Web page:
Arcane

Ever since I fell in love with The Dragon Prince, fantasy genre cartoon with a cast of incredible characters, great representation and solid world building. It became immediately clear that the vibe they tried to hit was one of wholesomeness and inclusion. Of course I was hooked.

Recently, Netflix has released another cartoon, based on the League of Legends universe, which I’m not super-familiar with. It’s called Arcane, and it’s incredible. Not only are the story, characters and world building en pointe, the graphics are phenomenal, but the character development throughout the story is spectacular.

The world building blends steam- and manapunk together in a way that is seamless, evocative and with all the verisimilitude necessary to make it believable. The story, while not uncommon and reliant on a couple of common tropes, is engaging and get me incredibly invested in the outcome. And the characters are all well-rounded and diverse, each getting enough screen time for every viewer to get invested in someone.

Besides the far superior graphics, this cartoon deals with very mature subject matter (oppression, corruption, e.g.) and, unlikely The Dragon Prince, is definitely for mature audiences.

It stands out to me as the best content that Netflix has produced so far, and I recommend this 9 episode first season of Arcane to anyone who enjoys getting caught up in a great cartoon.

A Flick of Hares

21 September – A Flick of Hares

There are a few areas of language that get people going quite as much as whether the correct term for a bunch of politicians is a posse or an odium (or worse), while lexicographers have long been looking for their own group name – a sentence (though the judges have already taken that one)? The only boring thing about collective nouns is their name.

The majority of group terms that we know and love today – ‘a gaggle of geese’, ‘an exaltation of larks’, ‘a murmuration of starlings’ – sprang form the medieval imagination. Created by the elite of the elite, they were written down in books of etiquette aimed at instructing the nobility on how not to embarass themselves while out hunting, hawking, or fishing. For the medieval nobleman, knowing that the correct term for a group of ferrets was a ‘busyness’, for hares a ‘flick’, and for hounds a ‘mute’, was a badge of honour. A handling of these terms would not only avoid humiliation, but would mark the gentry out from the peasants.

Our primary source for such terms is the fifteenth-century Book of St Albans, a three-part compendium on aristocratic pursuits. Its authorship is attributed to Dame Juliana Berners, Prioress of the Sopwell nunnery in Hertfordshire. Not only did her work contain over a hundred and sixty group names for beasts of the chase and characters on the medieval stage, but it also boasted the first images to be printed in colour in England. It was an instant hit, reprinted and reissued many times both by William Caxton and the (superbly named) printer and publisher Wynkyn de Worde. Its popularity extended far beyond the nobles for whom it was originally intended.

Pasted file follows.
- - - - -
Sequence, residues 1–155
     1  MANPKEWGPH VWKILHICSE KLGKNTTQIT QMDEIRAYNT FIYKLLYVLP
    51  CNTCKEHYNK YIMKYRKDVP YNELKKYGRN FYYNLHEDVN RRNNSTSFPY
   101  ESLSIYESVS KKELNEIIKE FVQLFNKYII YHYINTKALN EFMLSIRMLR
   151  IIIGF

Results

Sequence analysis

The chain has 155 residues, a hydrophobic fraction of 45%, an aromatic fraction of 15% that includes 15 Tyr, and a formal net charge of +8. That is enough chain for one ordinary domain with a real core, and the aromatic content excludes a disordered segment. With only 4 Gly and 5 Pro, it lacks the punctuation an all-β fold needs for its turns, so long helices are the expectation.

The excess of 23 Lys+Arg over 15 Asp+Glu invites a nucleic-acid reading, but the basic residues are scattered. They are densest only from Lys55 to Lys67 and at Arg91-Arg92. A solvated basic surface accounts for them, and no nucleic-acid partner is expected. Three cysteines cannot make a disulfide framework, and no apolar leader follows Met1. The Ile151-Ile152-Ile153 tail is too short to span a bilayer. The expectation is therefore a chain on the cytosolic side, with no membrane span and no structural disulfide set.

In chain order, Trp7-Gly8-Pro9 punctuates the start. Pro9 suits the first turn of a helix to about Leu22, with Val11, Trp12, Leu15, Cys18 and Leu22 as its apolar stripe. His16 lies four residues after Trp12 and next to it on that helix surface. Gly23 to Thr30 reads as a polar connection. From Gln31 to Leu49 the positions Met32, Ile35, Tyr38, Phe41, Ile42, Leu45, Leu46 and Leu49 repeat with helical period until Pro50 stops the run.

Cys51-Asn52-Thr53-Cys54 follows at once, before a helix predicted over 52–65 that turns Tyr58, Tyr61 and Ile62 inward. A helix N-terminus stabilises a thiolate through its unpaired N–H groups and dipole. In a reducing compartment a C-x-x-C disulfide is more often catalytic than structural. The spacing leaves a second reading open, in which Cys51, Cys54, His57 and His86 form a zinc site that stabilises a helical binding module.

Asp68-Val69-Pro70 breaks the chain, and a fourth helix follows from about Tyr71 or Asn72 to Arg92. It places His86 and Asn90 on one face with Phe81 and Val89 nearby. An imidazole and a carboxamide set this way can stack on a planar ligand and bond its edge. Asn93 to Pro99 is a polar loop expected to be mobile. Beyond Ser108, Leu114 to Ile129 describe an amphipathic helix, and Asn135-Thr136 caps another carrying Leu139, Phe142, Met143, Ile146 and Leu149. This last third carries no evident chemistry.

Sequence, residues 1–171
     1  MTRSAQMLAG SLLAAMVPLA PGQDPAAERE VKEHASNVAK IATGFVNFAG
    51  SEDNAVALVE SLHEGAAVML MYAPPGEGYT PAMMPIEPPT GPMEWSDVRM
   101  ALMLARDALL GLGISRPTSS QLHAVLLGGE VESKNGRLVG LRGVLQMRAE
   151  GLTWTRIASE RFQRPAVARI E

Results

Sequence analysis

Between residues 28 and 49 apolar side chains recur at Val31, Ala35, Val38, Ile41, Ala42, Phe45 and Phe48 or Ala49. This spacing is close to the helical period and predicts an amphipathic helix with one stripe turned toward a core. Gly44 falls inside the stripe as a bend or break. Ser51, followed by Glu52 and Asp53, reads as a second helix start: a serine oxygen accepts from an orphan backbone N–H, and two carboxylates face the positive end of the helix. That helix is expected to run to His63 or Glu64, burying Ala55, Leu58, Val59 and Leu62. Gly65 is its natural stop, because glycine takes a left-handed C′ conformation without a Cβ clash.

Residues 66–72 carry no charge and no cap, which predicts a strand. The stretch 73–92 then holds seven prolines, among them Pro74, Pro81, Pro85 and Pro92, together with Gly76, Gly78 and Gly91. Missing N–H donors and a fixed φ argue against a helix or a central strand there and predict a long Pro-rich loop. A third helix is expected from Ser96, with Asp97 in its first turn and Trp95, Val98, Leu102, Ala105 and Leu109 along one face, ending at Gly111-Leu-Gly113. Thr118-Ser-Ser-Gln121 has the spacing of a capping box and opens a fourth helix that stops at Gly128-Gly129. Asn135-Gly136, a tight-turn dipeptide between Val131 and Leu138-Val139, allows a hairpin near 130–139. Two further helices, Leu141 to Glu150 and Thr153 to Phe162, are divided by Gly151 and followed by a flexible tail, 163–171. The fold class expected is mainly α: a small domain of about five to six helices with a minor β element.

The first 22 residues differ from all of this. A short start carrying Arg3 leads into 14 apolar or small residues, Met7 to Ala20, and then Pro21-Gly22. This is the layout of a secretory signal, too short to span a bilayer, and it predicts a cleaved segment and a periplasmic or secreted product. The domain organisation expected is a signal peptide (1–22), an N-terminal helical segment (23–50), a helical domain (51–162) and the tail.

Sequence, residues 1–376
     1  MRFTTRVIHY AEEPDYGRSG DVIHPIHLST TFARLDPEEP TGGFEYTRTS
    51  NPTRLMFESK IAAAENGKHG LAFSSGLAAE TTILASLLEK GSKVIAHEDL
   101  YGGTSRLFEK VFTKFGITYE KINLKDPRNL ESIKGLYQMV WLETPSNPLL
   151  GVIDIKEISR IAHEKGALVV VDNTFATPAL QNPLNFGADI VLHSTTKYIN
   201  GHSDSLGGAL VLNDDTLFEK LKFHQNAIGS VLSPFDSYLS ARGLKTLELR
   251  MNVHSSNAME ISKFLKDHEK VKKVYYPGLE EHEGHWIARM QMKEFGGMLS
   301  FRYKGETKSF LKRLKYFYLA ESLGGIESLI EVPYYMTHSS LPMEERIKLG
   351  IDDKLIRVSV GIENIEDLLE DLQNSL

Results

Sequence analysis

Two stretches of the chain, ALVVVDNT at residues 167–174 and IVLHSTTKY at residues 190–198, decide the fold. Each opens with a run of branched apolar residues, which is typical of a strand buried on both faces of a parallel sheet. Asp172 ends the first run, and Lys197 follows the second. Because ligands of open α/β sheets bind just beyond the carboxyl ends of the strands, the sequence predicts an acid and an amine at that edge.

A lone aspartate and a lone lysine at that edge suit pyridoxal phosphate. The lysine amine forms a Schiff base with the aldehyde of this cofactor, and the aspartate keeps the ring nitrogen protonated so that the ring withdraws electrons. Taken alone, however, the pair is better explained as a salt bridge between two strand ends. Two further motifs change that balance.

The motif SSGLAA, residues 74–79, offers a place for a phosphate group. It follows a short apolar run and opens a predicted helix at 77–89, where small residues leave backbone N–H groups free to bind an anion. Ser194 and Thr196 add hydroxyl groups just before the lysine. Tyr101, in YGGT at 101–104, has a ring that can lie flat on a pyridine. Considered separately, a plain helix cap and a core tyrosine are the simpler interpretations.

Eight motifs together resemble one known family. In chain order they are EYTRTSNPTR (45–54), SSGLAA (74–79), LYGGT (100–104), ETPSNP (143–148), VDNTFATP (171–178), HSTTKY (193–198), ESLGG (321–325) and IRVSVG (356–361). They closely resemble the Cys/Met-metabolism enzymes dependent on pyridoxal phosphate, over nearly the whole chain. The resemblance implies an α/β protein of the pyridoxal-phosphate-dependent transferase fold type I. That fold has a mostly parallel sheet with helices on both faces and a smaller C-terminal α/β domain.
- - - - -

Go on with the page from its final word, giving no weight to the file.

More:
More than half a millennium on, we still use many of these concoctions, relishing the knowledge that congregated crows form a ‘murder’, and that foxes come together in a ‘skulk’. Others among those fifteenth-century lists prove that collective nouns have invited wordplay from the start. You only have to hear ‘an incredulity of cuckolds’ or ‘a misbelief of painters’ (such as portrait artists, who rushed to broaden the shoulders and embellish the eyebrows of their subjects) to eavesdrop on the medieval sense of humour. ‘An abomination of monks’ made fun of those who took solemn religious vows but who were frequently the lecherous party animals of the Middle Ages.

Some of our enduring favourites have had complex pasts. Before a ‘murmuration’ settled upon starlings (inspired by the sound of the birds when flocking together), the collective noun was ‘mutation’, thanks to the belief that the bird shed a leg at the age of ten and then promptly grew a new one. An ‘unkindness of ravens’ arose from the belief that these huge, dark carrion birds were omens of doom.

Some from the past deserve to be brought back: such as a ‘drunkenship of cobblers’, born in a time when ale was safer to drink than water. And then there are those that are surely due a revival: today’s postal workers would enjoy ‘a diligence of messengers’, while pub landlords and landladies might happily join a ‘laughter of hostelers’.

Today, there is no official list of collective nouns, and the search for new ones goes on. Modern choices, submitted whenever the topic trends (and it does, often), include a ‘foothurt of Lego’, a ‘pedant of Oxford commas’, a ‘blur of opticians’, and a ‘wunch of bankers’. The search for the name for a group of politicians goes on.

Word Perfect, Etymological Entertainment for Every Day of the Year by Susie Dent